Sunday, 16 May 2010

Warlock #11. "The Strange Death of Adam Warlock."

Warlock #11, Jim Starlin, the strange death of Adam Warlock, coverBrace yourselves, tigers, because this is it, the senses shattering conclusion to the Magus saga.
And guess what?

It's fab.

No it's not. It's more than fab. These twenty or so pages might just be my favourite single issue of any 1970s' comic book. Let's face it, there can't be many strips in history where the hero triumphs by committing suicide or where his victory's basically a victory over himself. But then there aren't many strips like Jim Starlin's Warlock.

Things are getting tense and fate's conspiring to turn our hero into our villain, the mad (and purple) god that is the Magus. And so, in alliance with the Titan of death Thanos, Warlock flings himself into a metaphysical world to do something or other. What it is, he doesn't yet know.

But then he does. Using the soul gem on his forehead - the thing that's clearly responsible for him becoming the Magus in the first place - he purifies the timeline that'll turn him into the villain, then hops into the future where his pre-Magus self is dying. There, he steals his future self's soul before it can become the Magus. There's also a character called the In-Betweener who's there for some reason though I'm not sure what.

Warlock #11, Jim Starlin, the strange death of Adam Warlock
Generally when stories get metaphysical they fall apart and, under any kind of scrutiny, reveal themselves to be nothing but sleight-of-hand, designed to create the illusion of meaning by a writer who simply couldn't figure out a proper way to end a tale. But not here.

The more you think about it, the more it makes sense. In fact, you could argue it makes a little too much sense, making Warlock's triumph perhaps a little too easy, although his meeting with a future self completely defeated by his ordeals in life and welcoming death reminds us that, in the world of Adam Warlock, even at the moment of success, things are never easy.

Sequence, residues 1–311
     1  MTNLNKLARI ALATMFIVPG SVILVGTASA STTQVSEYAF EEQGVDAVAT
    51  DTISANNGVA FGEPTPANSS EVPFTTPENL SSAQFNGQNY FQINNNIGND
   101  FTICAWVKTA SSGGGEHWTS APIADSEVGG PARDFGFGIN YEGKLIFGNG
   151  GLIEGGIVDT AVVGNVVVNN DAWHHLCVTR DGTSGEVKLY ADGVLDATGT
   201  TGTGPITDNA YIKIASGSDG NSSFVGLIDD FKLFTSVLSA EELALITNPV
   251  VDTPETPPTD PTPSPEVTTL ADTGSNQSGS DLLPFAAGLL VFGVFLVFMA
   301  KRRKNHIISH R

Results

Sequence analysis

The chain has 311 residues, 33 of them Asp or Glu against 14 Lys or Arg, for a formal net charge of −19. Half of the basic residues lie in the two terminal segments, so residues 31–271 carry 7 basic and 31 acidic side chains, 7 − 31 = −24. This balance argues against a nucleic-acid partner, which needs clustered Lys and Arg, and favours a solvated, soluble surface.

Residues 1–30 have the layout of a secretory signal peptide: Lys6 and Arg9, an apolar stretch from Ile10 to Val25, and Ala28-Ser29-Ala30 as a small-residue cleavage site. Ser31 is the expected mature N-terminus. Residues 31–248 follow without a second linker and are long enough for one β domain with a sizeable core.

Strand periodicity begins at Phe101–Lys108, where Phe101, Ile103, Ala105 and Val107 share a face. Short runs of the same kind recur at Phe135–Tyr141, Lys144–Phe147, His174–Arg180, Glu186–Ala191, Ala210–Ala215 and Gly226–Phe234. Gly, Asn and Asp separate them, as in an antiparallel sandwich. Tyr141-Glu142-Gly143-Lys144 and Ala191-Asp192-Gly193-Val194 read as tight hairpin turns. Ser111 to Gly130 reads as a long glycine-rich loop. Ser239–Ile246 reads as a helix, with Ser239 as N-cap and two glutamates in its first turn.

And, at the end of it all, a great big reset button's been pressed and none of it ever happened. Mostly in any fiction this'd ultimately feel like a cheat and a letdown because you'd have to ask what the point of all that drama was when it turns out none of it ever happened. It's the old Bobby Ewing in the shower conundrum. We might be glad to see normality restored but why have we spent all that time watching what's basically the world's longest dream sequence?

And yet there's no feeling of that here. Perhaps it's because we discover the Magus' church has simply been replaced by another false religion. Or maybe it's because we now know, with the Magus gone, there's no one left to stop Thanos' plan of bringing death to every living creature in the universe. Or maybe it's because we've seen a hint of the darkness that lies in store for our hero. Whatever it is, despite none of it ever having happened, at the end of it all, it still feels like everything - and a whole lot more - has happened.

1 comment:

Paul D. Brazill said...

Great choice. Pretty much everything worked, didn' it?

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